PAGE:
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Video Essay. T’es fou Jerry!

A video work reducing Tashlin’s “The Geisha Boy” (1958) to its pregnant moments, encoded at random into a fleeting succession of keyframes.
Part of the Jerry Lewis tribute A MUBI Jerrython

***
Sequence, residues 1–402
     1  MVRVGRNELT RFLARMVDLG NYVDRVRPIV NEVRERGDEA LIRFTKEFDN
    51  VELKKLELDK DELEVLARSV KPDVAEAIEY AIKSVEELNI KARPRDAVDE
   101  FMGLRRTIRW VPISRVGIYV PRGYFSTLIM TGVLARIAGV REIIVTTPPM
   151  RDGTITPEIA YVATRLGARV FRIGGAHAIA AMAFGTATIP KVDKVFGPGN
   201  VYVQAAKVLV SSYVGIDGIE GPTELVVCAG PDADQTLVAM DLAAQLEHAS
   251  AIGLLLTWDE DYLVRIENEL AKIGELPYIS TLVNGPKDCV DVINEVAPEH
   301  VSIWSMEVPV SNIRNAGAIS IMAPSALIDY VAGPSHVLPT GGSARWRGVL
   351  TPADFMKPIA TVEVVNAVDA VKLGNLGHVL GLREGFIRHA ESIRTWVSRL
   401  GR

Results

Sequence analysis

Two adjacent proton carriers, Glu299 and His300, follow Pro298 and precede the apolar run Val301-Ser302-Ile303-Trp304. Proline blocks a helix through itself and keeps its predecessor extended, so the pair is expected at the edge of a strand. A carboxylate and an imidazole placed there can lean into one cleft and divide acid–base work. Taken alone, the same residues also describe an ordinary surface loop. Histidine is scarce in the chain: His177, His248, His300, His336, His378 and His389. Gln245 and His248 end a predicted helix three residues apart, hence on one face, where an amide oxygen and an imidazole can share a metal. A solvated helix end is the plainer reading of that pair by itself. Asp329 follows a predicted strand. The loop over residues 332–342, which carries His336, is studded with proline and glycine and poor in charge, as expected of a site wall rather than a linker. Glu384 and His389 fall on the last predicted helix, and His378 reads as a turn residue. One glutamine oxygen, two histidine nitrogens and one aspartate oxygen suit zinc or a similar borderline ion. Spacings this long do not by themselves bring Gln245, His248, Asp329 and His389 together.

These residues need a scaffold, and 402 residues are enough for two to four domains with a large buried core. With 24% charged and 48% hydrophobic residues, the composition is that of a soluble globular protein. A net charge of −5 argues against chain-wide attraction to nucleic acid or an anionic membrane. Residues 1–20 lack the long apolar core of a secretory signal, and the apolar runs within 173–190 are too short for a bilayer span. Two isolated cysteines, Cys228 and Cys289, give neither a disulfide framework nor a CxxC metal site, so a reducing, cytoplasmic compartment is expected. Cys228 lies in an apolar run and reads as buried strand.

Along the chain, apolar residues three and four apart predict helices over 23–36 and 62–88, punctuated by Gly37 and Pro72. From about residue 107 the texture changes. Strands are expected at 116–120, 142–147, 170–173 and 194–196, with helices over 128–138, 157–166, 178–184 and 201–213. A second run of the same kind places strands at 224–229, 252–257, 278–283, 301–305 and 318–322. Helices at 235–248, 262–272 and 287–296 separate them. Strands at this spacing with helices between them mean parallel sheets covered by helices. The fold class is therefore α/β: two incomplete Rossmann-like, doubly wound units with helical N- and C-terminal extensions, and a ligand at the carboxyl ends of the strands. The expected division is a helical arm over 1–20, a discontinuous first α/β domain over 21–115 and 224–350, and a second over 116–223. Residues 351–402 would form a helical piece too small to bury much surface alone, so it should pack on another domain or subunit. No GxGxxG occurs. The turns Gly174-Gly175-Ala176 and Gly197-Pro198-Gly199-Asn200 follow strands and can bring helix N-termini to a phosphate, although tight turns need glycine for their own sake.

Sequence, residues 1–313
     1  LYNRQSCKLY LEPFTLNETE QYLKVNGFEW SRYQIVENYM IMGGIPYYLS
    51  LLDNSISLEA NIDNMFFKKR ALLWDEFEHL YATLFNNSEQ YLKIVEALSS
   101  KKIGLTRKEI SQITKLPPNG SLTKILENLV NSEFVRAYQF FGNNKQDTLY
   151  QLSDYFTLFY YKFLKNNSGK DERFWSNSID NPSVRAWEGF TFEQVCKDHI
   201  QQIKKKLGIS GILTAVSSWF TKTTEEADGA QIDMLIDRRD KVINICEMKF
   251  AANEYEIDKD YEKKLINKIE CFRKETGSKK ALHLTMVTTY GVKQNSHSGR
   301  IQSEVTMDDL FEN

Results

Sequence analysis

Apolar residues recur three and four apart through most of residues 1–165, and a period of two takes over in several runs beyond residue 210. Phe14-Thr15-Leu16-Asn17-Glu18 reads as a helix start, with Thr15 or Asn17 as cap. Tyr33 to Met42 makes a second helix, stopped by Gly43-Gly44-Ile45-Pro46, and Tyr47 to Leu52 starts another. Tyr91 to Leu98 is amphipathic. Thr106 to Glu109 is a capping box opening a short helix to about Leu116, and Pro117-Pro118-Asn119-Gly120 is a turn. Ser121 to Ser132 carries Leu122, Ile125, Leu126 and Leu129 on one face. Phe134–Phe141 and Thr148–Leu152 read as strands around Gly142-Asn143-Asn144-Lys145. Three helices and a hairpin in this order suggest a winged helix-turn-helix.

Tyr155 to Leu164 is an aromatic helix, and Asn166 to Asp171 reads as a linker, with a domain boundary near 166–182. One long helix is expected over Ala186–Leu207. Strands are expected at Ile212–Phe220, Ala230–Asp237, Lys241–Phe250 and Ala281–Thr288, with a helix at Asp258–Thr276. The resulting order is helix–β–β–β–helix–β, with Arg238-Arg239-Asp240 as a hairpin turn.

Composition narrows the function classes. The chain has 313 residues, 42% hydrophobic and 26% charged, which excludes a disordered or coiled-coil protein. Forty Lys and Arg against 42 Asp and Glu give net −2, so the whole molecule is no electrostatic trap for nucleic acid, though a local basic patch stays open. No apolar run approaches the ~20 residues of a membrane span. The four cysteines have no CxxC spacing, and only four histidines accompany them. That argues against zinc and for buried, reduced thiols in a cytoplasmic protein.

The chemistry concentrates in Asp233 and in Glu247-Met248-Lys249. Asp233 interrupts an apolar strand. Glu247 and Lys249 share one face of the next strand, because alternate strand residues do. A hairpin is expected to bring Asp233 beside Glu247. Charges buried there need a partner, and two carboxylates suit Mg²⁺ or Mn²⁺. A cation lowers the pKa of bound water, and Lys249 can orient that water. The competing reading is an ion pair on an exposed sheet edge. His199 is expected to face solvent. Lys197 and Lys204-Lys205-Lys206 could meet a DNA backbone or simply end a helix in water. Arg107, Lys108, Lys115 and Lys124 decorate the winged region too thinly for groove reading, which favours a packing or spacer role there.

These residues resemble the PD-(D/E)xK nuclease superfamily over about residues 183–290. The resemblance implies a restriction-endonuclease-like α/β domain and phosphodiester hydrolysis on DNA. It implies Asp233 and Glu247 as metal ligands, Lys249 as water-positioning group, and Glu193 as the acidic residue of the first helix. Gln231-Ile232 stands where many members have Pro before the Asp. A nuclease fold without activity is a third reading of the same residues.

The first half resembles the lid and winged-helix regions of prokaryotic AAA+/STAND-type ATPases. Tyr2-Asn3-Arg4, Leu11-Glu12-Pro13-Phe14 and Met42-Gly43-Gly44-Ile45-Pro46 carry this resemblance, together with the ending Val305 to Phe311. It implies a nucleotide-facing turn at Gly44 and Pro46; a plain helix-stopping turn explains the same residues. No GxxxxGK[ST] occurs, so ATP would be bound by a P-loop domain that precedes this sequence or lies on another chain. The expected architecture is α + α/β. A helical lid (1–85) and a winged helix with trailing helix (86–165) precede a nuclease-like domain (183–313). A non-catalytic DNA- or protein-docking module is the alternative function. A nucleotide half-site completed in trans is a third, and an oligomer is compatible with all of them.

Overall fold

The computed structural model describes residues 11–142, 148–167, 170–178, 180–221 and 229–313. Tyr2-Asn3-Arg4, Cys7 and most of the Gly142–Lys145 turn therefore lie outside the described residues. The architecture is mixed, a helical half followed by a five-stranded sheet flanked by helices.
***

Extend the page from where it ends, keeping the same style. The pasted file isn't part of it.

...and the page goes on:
This piece is the immediate product of an enraptured first viewing of The Geisha Boy (1958) by means of a HD rip that was the final stop on a trajectory from VistaVision to Blu-ray. In a process that I like to think of as being somehow akin to those single-reel Super 8 “digests” or “cut-downs” of Hollywood productions that circulated in the years before VHS, a feature film is reduced here to its highlights—its “pregnant moments” encoded at random into a fleeting succession of keyframes. When I first completed this previously unreleased piece, a sense of dissatisfaction lingered with what I initially took to be a gesture of appropriation. Coming back to it five years later with the current homage in mind, I understood that it makes considerably more sense, not as an independent work, but as a video essay. And to extend the metaphor, one might say that this silent commentary has something automatic about the way that it was written. By exploiting a glitch produced by moving VLC’s playhead back and forth across the timeline, it was recorded live, in a single take—with the exception of the final moments, which now seem to hint at a slapstick resurrection.

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